From the very beginning, my teachers have always had me playing works for piano four-hands as well as works for two pianos. My first public performance was a two piano work -- a concerto that I played on the public school's Christmas recital in 1978. The situation was less than desirable, but the love of playing in ensemble was developed early on and has shaped me ever since.
Why are duets so important? Here are just a few reasons that I have come up with this week.
- Duets serve as an introduction to other forms of collaboration. Duets present challenges of ensemble that are unique to themselves while also introducing students to universal issues of balance, communication, and blend. Playing with another piano student is not so intimidating since we are all familiar with the instrument's challenges. As pianists become confident in playing in piano ensembles, they are much more willing to venture into chamber ensembles with other instruments.
- Duets are a great way to introduce students to the style and literature of unfamiliar composers. My personal introduction to the works of Rachmaninoff, Poulenc, and Schubert began with the study of their works for four-hands. When I fell in love with Poulenc's music, it wasn't a stretch to look to the four-hand works of Milhaud and Tailleferre. Mozart's duet sonatas were an excellent way to learn about the necessary attention to phrase markings.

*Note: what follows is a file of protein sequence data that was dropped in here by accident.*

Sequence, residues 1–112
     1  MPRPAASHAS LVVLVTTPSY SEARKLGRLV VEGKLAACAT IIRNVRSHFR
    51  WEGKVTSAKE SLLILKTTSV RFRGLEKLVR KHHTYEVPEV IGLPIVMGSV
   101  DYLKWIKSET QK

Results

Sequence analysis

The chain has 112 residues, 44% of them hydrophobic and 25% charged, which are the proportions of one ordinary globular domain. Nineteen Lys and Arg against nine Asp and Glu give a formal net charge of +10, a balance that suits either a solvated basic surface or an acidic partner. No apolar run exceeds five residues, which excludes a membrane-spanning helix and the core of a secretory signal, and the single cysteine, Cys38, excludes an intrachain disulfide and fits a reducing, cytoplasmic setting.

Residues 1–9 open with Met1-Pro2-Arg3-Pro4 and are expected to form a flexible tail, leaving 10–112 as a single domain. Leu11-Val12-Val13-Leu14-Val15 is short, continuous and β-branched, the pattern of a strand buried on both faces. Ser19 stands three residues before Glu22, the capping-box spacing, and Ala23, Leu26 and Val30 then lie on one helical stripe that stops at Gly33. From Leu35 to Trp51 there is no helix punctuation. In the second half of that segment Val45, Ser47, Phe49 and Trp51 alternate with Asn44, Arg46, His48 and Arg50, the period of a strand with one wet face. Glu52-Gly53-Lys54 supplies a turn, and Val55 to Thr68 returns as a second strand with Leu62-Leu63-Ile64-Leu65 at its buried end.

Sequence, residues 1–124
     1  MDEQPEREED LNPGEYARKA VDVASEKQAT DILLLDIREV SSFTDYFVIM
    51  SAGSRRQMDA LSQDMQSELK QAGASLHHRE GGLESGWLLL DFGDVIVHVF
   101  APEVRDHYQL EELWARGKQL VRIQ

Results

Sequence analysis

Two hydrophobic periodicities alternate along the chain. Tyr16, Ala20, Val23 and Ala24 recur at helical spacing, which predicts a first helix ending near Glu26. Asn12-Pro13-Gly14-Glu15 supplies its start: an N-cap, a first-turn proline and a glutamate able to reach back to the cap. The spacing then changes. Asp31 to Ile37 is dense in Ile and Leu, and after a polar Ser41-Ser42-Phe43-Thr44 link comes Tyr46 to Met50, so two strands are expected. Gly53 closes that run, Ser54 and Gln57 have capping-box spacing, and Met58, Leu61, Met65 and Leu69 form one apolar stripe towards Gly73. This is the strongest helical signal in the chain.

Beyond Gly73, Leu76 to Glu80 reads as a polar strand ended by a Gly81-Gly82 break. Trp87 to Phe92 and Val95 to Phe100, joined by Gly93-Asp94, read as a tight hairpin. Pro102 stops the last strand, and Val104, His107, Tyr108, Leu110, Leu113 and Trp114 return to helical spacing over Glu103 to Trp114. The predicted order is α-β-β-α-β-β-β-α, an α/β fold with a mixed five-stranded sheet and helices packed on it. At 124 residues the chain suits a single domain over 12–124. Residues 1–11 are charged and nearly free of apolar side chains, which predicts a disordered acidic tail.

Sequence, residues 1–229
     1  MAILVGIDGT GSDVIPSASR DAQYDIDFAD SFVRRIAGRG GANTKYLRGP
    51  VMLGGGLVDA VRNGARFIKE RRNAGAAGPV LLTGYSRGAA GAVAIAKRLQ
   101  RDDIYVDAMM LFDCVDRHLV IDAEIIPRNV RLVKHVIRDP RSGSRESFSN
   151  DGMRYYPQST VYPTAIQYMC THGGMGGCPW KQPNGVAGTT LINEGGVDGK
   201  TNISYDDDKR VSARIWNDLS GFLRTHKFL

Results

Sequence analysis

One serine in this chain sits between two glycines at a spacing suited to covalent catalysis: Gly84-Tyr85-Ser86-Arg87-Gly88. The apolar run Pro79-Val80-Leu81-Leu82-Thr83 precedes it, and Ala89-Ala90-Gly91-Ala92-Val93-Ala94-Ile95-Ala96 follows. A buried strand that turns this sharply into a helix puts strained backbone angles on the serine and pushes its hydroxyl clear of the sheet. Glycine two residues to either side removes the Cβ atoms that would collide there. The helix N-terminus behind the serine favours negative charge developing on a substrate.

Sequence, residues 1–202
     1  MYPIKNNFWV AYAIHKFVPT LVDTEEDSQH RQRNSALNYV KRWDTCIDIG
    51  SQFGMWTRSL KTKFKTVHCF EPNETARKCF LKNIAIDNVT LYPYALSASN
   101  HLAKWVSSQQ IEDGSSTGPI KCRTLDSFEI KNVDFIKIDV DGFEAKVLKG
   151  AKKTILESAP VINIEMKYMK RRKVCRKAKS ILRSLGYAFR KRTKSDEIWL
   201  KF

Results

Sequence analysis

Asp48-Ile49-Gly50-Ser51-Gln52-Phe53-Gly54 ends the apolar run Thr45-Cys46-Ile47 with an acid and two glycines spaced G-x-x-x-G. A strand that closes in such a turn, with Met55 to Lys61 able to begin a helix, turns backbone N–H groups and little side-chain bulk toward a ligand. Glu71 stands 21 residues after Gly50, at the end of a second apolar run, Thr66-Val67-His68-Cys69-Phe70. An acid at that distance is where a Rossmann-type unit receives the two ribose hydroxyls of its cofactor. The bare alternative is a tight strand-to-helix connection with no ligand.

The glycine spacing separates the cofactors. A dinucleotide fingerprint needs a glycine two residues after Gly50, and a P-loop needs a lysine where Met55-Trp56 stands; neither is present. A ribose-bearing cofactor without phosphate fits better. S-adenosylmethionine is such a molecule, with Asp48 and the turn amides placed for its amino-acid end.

- Playing with friends is fun! As a teen, I found myself at a crucial point in my development. I was struggling with some technical issues and my frustration level with the instrument was on the rise. I was ready to walk away from private study for good. Wisely, my teacher recognized my frustration and added duets to my repertoire. Duets traded the grueling work of solitary practice for a social experience. I enjoyed getting to spend time at the piano with a friend while still growing as a musician. Quite simply, I learned to have fun with my instrument again! This fact is still true for me. When I find myself getting tired of working alone in a practice room, I begin to seek chamber opportunities. Sometimes there is nothing better than sight-reading some Schubert duets to fill your soul with laughter and great music!
- Duets expose strengths and weaknesses. While playing with a colleague, I immediately hear things from my partner's playing that I want to improve in my own. Can I play that phrase as lyrically as he does? What do I need to do physically to match the warmth of her tone? I really have to work on those scale passages to match the crispness of his sound! Because my playing will be directly compared to that of my duet partner, many students find themselves practicing more to make sure they are not seen as the weak player in the ensemble.
I love chamber work and have made a career out of it. Even though I love working with singers and instrumentalists, I still find myself longing for a regular diet of piano duets. I miss the joy of making wonderful sounds with a partner at a single piano.